The universe is the list of knowable codes, tools, add-ons, integrations, etc for CiviCRM. The universe includes:

  • The standard CiviCRM git repositories (civicrm-core.git, civicrm-packages.git, etc).
  • Any extensions registered on civicrm.org that have a Git URL.
  • Most infrastructure and supporting components behind civicrm.org.

The universe can help you analyze the technical state of the CiviCRM community's code. For example, suppose you want to change the signature of a function in civicrm-core.git named getContactDetails(...). You can get a copy of the universe and search the entire source tree for getContactDetails to see how it's being used.

Use a fast network and fast storage device (SSD)

The universe is fairly big. (At time of writing, ~2 GB.) A fast network will help with downloading, and a fast storage will help with searching.

Create the universe

If your system is configured to support civibuild, then simply run:

$ civibuild create universe

Alternatively, if you have a copy of buildkit but don't use civibuild, then run:

$ mkdir ~/src/universe
$ fetch-universe ~/src/universe

Search the universe

Note the path to your copy (eg ~/buildkit/build/universe or ~/src/universe) and cd to it.

$ cd ~/buildkit/build/universe

You can get a lot of information with standard Unix tools like grep, eg

$ grep -r getContactDetails .

There's a lot you can do with grep, such as:

# Case insensitive search
$ grep -ri getContactDetails .

# Ignore folders like `.git` or `.svn`
$ grep -r --exclude-dir=.git --exclude-dir=.svn getContactDetails .

# Edit all matching files
$ vi $(grep -ril getContactDetails .)

Of course, there's nothing special about grep here. Lots of other powerful tools will do the job, such as ack or the Silver Searcher. The author of ack has published a longer list of relevant tools.

Why would you search universe?

Continuing the example, you might argue, "getContactDetails isn't officially an API, so it's fair-game to change whenever we want. Searching the universe doesn't add anything."

In policy terms, that might be right... but is it really a safe change in practical terms? Most of the time... probably! But some of the time, Murphy's Law kicks in -- changing getContactDetails(...) might break 10 extensions. Arguably, the fault lies with the extension author who called a non-API -- but that will bring little comfort to the 20 users who show up on StackExchange asking for help, and it will still reflect badly on all of us.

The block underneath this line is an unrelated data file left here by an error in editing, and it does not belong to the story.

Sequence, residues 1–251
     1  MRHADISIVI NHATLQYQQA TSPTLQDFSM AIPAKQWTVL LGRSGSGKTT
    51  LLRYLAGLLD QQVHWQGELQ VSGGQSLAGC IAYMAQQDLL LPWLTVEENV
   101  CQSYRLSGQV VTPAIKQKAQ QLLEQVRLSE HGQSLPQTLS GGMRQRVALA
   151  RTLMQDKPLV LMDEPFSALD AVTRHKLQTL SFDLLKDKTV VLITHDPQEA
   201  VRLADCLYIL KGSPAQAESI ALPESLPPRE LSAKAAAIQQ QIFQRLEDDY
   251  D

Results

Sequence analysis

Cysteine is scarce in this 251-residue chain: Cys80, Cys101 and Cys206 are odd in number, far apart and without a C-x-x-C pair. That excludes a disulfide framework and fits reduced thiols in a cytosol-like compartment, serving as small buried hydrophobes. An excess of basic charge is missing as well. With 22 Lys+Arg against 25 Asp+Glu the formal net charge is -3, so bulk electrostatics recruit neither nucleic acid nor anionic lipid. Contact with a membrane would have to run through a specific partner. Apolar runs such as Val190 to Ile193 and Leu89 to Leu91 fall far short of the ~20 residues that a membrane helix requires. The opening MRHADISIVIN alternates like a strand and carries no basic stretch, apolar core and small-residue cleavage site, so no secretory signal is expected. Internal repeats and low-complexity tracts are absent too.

Searching universe is a simple way to get ahead of that risk -- and to make decisions based on empirical data rather than proscriptive notions.

What to do if searching universe reveals a technical conflict?

The universe is just a tool -- it's a way to get ahead of problems (by making them easier to discover). It's not an over-arching policy on what to do if you find a conflict. Returning to our getContactDetails example:

  • Maybe you should change the approach -- keep the signature of getContactDetails as-is, but change something else.
  • Or maybe the extensions should be updated to match the new signature.
  • Or maybe you should give a heads-up to the other affected developers.

We're not trying to pre-judge the solution here. Main advice: start from the assumption that this is a shared problem. Finding a solution is good for you, for the other developers, and for the users. Encourage others to view it the same way.

Update the universe

The universe is ever-expanding -- eg projects are updated, and new projects are added. Generally, it's not important to be accurate "up-to-the-minute". But you may want to update if your copy of the universe is more than a week or two old.

Simply note the path to your copy (eg ~/buildkit/build/universe or ~/src/universe) and run fetch-universe:

$ fetch-universe ~/buildkit/build/universe